Spit and polish with a hint of minty freshness

The cat is out of the bag. Tresco has got the weight off his shoulders and confessed. His main role in the successful Ashes campaign of 2005 was ball preparation. After exhaustive studies, he found that saliva produced while chewing Murray Mints was the best application for swing – it produces a lovely glaze.

We all knew they were doing something to the ball. It was obvious. Bracks new exactly what it was but he was told to button it and apologise for making such outrageous allegations! Reverse swing is all about ball preparation. The Pakistanis were masters of it not because of their incredible skill but because they knew what to do to the ball. Why would it be that in a Test you have six pace bowlers, all with quite different actions and three from one team reverse swing it and the three on the other team don’t?

You would all know that applying any foreign substance to, or tampering with the ball in any way is illegal. Picking at the seam with a thumbnail, gouging the surface with concealed bottle caps or applying brill cream (ref. Keith Miller) are all against the rules. Marion Jones had to give back all her medals because she was a cheat. Michael Johnson gave back his relay gold medal because he didn’t want it anymore – not because he was a cheat but because the rest of his team were cheats. Will England be giving the Ashes back? Oh, Australia’s already taken care of that. Will the lads be giving back their MBEs? Not likely.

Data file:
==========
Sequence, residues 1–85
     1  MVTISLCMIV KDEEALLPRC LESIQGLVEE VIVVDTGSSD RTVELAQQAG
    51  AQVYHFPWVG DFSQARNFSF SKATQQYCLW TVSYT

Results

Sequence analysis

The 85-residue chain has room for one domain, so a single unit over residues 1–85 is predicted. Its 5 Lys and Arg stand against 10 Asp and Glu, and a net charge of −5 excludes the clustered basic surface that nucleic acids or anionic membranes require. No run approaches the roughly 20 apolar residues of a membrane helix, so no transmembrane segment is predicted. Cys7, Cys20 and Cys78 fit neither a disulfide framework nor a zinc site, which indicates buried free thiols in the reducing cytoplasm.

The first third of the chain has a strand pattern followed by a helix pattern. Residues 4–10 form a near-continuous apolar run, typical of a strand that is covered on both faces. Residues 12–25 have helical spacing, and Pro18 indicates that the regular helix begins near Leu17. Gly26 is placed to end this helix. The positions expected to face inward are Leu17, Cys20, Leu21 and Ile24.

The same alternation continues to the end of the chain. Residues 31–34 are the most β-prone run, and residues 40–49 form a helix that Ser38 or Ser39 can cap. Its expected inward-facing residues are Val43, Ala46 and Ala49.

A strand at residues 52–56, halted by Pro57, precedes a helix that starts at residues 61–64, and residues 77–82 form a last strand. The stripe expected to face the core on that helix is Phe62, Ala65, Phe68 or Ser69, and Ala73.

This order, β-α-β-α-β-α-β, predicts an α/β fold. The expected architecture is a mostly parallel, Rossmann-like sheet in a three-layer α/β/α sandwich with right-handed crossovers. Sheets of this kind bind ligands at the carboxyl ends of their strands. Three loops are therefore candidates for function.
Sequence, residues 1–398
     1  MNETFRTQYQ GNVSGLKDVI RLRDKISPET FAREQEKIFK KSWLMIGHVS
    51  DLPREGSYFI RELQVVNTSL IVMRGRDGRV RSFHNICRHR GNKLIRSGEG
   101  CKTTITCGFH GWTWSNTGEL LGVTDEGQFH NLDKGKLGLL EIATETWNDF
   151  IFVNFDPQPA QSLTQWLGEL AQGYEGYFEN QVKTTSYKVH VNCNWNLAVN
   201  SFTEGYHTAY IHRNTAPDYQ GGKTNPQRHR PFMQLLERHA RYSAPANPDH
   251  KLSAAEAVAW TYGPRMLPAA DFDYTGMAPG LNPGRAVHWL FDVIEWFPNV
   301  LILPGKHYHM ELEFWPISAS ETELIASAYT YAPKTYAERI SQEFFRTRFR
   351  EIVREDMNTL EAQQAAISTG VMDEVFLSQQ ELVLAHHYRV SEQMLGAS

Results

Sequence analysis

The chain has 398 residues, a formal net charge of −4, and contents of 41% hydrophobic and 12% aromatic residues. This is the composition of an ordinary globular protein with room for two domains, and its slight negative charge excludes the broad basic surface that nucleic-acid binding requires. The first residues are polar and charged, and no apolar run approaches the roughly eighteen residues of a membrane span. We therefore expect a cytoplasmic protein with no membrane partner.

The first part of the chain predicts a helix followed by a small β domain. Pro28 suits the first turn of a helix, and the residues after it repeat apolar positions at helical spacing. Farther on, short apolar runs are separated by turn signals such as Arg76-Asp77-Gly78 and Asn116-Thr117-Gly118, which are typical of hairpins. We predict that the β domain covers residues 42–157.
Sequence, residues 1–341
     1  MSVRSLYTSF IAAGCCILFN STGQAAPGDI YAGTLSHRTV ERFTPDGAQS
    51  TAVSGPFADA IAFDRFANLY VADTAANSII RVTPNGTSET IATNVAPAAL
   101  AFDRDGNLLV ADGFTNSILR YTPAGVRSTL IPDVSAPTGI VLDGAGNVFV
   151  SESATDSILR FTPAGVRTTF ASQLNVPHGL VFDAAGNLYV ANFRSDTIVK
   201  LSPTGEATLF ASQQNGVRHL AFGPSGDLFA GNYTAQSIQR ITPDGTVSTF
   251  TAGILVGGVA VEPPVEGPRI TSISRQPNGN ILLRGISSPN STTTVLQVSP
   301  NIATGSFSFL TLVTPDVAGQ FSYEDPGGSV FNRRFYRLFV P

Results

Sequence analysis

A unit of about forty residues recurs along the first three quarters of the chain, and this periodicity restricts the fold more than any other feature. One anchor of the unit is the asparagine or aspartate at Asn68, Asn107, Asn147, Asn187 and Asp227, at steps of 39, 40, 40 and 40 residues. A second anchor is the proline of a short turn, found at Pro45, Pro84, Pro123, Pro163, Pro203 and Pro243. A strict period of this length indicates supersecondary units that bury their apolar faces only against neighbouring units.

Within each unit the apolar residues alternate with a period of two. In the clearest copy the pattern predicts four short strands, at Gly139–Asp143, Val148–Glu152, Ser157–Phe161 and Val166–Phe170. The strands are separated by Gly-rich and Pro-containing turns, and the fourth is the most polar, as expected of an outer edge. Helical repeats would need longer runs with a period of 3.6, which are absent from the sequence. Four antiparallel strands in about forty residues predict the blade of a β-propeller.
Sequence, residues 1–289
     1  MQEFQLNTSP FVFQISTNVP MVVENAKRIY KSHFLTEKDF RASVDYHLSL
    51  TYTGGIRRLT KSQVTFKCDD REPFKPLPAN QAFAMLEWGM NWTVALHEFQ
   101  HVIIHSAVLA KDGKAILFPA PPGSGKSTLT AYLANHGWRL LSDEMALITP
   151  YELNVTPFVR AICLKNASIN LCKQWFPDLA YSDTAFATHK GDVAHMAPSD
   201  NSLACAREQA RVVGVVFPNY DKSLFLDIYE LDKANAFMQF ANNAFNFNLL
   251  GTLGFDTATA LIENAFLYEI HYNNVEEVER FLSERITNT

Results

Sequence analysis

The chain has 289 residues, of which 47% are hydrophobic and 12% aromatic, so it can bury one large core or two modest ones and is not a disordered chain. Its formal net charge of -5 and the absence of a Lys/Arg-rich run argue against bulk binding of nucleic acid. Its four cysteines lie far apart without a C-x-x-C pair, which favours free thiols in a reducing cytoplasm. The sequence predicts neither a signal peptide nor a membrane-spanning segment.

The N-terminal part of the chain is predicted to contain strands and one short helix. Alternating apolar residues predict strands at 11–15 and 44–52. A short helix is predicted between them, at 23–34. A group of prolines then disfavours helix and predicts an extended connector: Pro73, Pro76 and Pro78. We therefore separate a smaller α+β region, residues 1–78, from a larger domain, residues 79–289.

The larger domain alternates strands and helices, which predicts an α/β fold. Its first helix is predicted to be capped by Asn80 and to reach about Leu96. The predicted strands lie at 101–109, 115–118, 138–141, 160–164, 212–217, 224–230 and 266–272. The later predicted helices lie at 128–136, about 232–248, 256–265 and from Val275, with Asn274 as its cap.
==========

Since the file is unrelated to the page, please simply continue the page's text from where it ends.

Anyway, Trescothick has explained a few things. For a start, it has explained why Marcus had mental health issues (stress induced). Carrying all that guilt around takes a toll. And not only that. He was once again given the job of ball preparation on the doomed 2006-07 Ashes defence. Imagine the stress of arriving in Australia and finding that you can’t buy Murray Mints. What a dilemma. And that explains why England couldn’t swing the ball and lost 5-0.

Casting a wider net on that tour, it also explains a certain incident involving the drunken England skipper and a small water craft. It has believed until now that these were simply alcohol fuelled high jinks. How could we doubt Freddie Flintoff? Flintoff’s drunken maritime endeavour was actually a mission of great nobility. He was trying save the day by sneaking across to New Zealand where he believed that Murray Mints were readily available. For some reason, New Zealand stocks a whole lot of British product (such as Toffee Pops) that you just can’t get in Australia. Freddie had been told down at the pub that New Zealand was “just across the ditch”. Well, how big could a ditch be? He reckoned he could row there and back in a night and not be missed.

And the big winner is Murray Mints. Following Trescothick’s revelation, Murray Mints have just signed an exclusive deal for Coles and 7-Eleven to distribute their wonderful product – guaranteed to make six stitchers seam for up to 50 overs. It’s just in time for the Australian summer. All over Australia, from park cricket, right through grade cricket and Sheffield Shield, first slip will be chewing those magical little white pills. The very best exponent has a chance to go on the 2009 Ashes tour in an advisory capacity as the “Murray Mint Mentor”. The mind boggles.

Man. Talking about magic little pills, I think I’ve had quite enough of them myself.

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